Spring has sprung in Rosehill, Texas. Azaleas are bursting with blooms. White blossoms fill Bradford pear trees. Unfortunately, pollen from pines, oaks, and every green tree is also clogging the air. Daily pollen counts here are double, triple previous years.
Pollenpocalypse may be upon us, but the gardener in me won’t be stopped.
Plus, Confederate Rose trimmings rooted over the winter have leafy growth. Time to get the sticks into the ground so those twigs can grow hardly roots.
If you’re not familiar with a Confederate rose, this is one.
The showy blooms, 4 to 6 inches wide, appear in fall. They open white, fade to pink, and, as they age, end up red. All three colors can appear on the same plant at the same time. It’s not a rose at all but a species of hibiscus native to China (Hibiscus mutabilis).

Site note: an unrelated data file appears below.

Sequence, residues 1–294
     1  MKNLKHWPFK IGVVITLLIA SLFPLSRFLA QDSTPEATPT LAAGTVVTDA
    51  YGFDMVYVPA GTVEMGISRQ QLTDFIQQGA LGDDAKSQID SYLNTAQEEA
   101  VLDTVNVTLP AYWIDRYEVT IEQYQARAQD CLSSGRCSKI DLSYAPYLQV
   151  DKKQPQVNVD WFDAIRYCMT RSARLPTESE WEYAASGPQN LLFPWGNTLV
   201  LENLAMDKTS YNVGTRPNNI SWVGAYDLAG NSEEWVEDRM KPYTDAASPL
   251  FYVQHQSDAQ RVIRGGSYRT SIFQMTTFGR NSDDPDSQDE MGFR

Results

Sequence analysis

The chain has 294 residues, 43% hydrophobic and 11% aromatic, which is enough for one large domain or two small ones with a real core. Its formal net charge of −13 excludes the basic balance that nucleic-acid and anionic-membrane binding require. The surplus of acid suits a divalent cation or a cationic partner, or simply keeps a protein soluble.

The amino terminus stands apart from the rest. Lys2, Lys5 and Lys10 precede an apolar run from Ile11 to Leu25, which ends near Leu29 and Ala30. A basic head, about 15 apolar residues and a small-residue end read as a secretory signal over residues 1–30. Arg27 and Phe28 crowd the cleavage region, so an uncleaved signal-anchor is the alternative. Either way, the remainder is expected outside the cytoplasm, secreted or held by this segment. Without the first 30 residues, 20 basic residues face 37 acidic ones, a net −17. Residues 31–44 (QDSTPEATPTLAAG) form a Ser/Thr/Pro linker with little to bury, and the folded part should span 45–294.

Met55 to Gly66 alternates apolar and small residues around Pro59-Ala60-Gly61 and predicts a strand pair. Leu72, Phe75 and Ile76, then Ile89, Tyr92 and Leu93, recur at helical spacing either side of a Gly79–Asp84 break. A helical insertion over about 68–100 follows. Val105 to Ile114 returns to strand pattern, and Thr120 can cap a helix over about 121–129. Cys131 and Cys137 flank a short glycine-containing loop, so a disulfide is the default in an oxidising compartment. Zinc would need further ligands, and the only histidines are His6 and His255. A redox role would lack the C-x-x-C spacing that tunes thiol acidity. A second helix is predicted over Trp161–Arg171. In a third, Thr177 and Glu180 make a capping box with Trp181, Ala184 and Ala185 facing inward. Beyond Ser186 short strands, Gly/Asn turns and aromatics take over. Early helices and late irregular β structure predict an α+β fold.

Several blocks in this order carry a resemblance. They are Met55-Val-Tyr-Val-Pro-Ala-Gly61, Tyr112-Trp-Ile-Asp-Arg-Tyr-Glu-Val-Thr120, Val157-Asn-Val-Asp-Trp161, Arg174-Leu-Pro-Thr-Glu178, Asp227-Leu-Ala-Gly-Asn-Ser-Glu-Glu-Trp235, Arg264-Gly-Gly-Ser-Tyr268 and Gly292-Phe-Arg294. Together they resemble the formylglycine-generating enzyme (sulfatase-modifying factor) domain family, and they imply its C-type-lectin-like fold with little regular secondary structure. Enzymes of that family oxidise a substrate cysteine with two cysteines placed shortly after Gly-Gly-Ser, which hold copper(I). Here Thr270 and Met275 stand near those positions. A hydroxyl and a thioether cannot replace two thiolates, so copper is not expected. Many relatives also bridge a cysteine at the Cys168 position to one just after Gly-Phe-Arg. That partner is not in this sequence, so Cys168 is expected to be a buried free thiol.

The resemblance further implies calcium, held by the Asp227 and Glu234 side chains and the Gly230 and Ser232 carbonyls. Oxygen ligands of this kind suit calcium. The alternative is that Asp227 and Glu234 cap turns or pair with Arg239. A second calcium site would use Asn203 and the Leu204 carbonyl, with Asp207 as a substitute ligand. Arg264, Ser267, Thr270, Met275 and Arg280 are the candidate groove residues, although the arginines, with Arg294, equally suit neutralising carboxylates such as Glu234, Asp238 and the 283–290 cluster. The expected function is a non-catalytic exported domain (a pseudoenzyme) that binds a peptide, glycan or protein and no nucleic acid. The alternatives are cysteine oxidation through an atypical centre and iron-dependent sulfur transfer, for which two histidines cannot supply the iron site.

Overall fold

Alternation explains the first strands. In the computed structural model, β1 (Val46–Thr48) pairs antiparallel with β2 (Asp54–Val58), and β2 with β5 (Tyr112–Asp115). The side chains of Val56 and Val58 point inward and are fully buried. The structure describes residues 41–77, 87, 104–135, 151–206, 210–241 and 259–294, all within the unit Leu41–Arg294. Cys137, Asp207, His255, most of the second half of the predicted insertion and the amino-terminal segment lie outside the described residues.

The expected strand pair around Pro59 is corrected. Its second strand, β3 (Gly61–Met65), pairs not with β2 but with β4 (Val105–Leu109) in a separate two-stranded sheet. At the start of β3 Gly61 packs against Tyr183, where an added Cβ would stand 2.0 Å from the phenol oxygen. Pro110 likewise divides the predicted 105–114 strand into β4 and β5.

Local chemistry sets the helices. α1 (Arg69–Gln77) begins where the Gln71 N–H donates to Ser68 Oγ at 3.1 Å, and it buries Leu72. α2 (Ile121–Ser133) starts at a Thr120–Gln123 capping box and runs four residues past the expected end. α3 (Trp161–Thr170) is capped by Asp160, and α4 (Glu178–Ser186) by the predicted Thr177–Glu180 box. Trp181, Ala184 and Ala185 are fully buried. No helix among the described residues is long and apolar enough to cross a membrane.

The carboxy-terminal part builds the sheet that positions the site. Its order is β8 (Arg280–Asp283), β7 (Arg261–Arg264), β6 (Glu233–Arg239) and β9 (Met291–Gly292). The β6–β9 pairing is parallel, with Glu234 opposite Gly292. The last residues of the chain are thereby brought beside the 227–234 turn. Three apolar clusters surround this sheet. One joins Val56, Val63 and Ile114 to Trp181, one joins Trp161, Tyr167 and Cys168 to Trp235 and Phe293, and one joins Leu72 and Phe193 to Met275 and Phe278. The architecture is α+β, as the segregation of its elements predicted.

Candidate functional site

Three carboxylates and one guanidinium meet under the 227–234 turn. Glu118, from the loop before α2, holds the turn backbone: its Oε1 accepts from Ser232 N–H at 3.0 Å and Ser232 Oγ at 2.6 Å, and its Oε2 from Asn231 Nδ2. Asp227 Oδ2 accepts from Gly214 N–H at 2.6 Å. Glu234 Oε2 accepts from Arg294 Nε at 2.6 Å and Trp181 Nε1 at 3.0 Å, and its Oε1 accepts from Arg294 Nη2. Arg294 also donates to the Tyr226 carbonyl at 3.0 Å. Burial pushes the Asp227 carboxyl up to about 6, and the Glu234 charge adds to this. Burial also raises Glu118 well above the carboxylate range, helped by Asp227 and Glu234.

It’s a favorite Southern passalong plant since it’s so easy to propagate. The easiest way to reproduce the plant is to simply put cuttings in water like I did.
Legend says the flowers were used to soak up the blood spilled on Confederate battlefields and hence the name Confederate. In the book Passalong Plants, Felder Rushing says ladies in Mobile, Alabama gave these flowers to Confederate soldiers returning home from the war. He’s a well-known authority on all things southern especially gardening things so it’s bound to be true.
The Confederate rose can be either a small tree, a perennial, or an annual.
One good thing that’s come from Global Warming is more people are being introduced to the Confederate rose.
In places that don’t have winter freezes, it can get grow thirty feet tall. What a sight to see so many multi-colored flowers each fall.
All you need to do is ask a friend to have one in your yard. Don’t be shy about asking. It’s what we do down here. It’s perfectly acceptable.